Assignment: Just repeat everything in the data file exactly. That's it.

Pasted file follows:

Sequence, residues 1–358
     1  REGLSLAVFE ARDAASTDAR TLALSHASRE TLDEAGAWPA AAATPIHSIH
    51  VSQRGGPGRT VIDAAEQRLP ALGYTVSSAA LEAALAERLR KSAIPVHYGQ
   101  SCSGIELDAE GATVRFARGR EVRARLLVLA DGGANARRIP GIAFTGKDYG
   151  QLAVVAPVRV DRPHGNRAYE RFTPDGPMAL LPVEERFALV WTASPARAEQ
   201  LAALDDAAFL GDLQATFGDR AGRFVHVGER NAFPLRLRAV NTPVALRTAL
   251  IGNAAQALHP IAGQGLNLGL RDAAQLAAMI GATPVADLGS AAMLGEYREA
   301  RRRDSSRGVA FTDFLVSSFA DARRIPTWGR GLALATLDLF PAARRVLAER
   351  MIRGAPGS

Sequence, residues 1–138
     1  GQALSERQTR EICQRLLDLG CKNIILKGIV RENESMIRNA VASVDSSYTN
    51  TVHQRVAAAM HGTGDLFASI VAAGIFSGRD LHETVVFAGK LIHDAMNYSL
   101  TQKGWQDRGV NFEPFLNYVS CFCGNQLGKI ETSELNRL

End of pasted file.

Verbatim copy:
Sequence, residues 1–358
     1  REGLSLAVFE ARDAASTDAR TLALSHASRE TLDEAGAWPA AAATPIHSIH
    51  VSQRGGPGRT VIDAAEQRLP ALGYTVSSAA LEAALAERLR KSAIPVHYGQ
   101  SCSGIELDAE GATVRFARGR EVRARLLVLA DGGANARRIP GIAFTGKDYG
   151  QLAVVAPVRV DRPHGNRAYE RFTPDGPMAL LPVEERFALV WTASPARAEQ
   201  LAALDDAAFL GDLQATFGDR AGRFVHVGER NAFPLRLRAV NTPVALRTAL
   251  IGNAAQALHP IAGQGLNLGL RDAAQLAAMI GATPVADLGS AAMLGEYREA
   301  RRRDSSRGVA FTDFLVSSFA DARRIPTWGR GLALATLDLF PAARRVLAER
   351  MIRGAPGS

Sequence, residues 1–138
     1  GQALSERQTR EICQRLLDLG CKNIILKGIV RENESMIRNA VASVDSSYTN
    51  TVHQRVAAAM HGTGDLFASI VAAGIFSGRD LHETVVFAGK LIHDAMNYSL
   101  TQKGWQDRGV NFEPFLNYVS CFCGNQLGKI ETSELNRL